Recently I sat in an audience of several hundred Christian communicators and watched the feature film, Silence, by accomplished American director Martin Scorsese.
The movie was released in January, but—movie buffs that we are—my husband and I did not race out to see it in the local theatre. The subject is martyrdom.
Based on the novel by Japanese author Shiraku Endo, the movie tells the story of two Jesuit priests who leave 17th-century Europe for Japan on a mission. They are to investigate the disappearance of a priest who was their mentor and is supposed to have committed apostasy, the sin of renouncing one’s faith.
The Japanese society was hostile to Christianity, and many Japanese Christians had been submitted to gruesome torture and death. The remaining ones practiced their faith in secret fear, without the guidance and support of clergy. The newly arrived priests ministered to the needs of these secret Christians, but eventually they faced their own suffering and were forced to witness the martyrdom of their flock. Why was God silent in the face of such suffering? And should they renounce Christ if that meant saving the lives of other people?
As Christians living in a society in which freedom of religion is a right, we don’t confront the possibility that we might die for our beliefs. We expect death will come because of ill health, an accident or possibly even a crime. But do we consider a martyr’s death?
Jesus said that the way of discipleship would have a cost: “If any want to become my followers, let them deny themselves and take up their cross and follow me. For those who want to save their life will lose it, and those who lose their life for my sake, and for the sake of the gospel, will save it” (Mark 8:34-35).
As the early church discovered, the way of the disciple could lead to physical death. The story of Stephen in the book of Acts reminds us that, right from the beginning, Christians believed, spoke and acted in ways that sometimes brought about their death.
The English word “martyr” comes from the Greek, in which its original meaning was “witness.” As Stephen witnessed to the truth of Jesus Christ, his opponents responded with violence against him and ultimately they brought about his death.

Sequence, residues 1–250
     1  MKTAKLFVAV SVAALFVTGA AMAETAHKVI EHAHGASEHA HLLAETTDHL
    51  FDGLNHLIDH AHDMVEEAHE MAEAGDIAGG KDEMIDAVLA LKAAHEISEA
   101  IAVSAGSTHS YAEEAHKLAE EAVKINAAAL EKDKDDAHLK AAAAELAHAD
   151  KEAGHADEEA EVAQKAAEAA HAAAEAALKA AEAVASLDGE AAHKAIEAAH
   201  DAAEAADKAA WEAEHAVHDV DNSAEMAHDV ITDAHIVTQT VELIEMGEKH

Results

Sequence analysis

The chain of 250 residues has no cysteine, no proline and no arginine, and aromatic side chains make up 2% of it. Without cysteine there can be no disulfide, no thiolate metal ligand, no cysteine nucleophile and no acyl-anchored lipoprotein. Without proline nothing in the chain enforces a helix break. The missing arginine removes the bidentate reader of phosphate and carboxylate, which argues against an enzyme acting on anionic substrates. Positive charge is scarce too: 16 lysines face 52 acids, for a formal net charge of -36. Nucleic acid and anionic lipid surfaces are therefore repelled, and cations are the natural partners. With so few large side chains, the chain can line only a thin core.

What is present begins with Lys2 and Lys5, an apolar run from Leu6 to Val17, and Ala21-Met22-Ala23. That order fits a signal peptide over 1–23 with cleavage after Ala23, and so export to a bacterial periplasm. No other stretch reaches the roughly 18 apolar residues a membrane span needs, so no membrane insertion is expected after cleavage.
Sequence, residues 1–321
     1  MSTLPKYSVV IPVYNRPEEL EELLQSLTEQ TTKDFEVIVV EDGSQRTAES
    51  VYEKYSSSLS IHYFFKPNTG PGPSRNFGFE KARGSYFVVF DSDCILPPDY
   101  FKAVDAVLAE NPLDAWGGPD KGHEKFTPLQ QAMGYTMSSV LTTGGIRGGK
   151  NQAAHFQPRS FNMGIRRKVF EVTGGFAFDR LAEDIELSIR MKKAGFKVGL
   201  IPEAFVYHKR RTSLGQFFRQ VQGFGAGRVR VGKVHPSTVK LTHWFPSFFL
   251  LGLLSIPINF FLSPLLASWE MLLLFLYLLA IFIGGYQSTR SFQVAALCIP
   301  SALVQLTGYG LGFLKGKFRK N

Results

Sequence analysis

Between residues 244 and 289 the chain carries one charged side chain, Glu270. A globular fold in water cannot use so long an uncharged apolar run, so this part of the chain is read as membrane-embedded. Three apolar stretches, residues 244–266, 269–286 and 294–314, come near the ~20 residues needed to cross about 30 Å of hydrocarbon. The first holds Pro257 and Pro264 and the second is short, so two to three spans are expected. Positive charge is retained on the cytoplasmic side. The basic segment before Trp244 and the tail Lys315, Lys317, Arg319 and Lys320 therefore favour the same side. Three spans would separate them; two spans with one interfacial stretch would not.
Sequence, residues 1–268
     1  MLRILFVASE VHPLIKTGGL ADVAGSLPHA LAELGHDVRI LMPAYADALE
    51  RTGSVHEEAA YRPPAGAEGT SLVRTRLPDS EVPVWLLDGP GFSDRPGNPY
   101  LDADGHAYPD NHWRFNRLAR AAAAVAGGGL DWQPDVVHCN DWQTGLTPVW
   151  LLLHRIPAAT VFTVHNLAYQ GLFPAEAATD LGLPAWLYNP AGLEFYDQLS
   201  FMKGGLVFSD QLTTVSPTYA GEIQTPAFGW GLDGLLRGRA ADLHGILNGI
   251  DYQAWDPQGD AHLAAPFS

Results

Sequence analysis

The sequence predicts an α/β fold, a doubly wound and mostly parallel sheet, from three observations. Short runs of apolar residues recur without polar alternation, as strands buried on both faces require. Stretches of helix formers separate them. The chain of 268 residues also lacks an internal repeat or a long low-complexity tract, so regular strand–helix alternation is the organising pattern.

Definitions vary as to what qualifies one to be considered a martyr. But in the broadest sense, a Christian martyr is someone whose words and life witness to God’s reign and who is killed because of that testimony.
At our baptism, each of us makes a public statement of our allegiance to Christ. Baptism calls us into a life of faithfulness that can sometimes result in suffering or death. As Dietrich Bonhoeffer once wrote, “When Christ calls a man [or woman], he bids him [her] come and die.”
In the 16th century, Anabaptist Maeyken Wens was deemed a heretic by the authorities. In prison and knowing that death was imminent, she wrote letters to her husband and teenage son saying farewell and urging them to be strong in the faith. In October 1573, she was burned at the stake in Antwerp.
Earlier this year, the Mennonite world learned of the death of Michael J. (M.J.) Sharp at the hands of unknown assailants in the Democratic Republic of Congo. Sharp and his colleagues were employed by the United Nations and were investigating human rights violations in that part of the country. While Sharp has not been called a martyr, it appears that he was killed because he was living out Christ’s way of peace and justice. He went into that turbulent country recognizing the danger but was willing to put his life on the line for a higher cause.
We think also of our present-day Anabaptist brothers and sisters in Nigeria and the Democratic Republic of Congo, some of whom have been kidnapped, driven from their homes, and submitted to violence and even death. Their allegiance to Christ has had a high cost.
As Christians, we do not seek persecution or death. But the stories of witness-martyrs remind us that a life of faithfulness to Christ’s way could lead us down the path of martyrdom. In a world that is hostile to the Prince of Peace, we seek to be faithful to Christ’s call.
Are you prepared to die?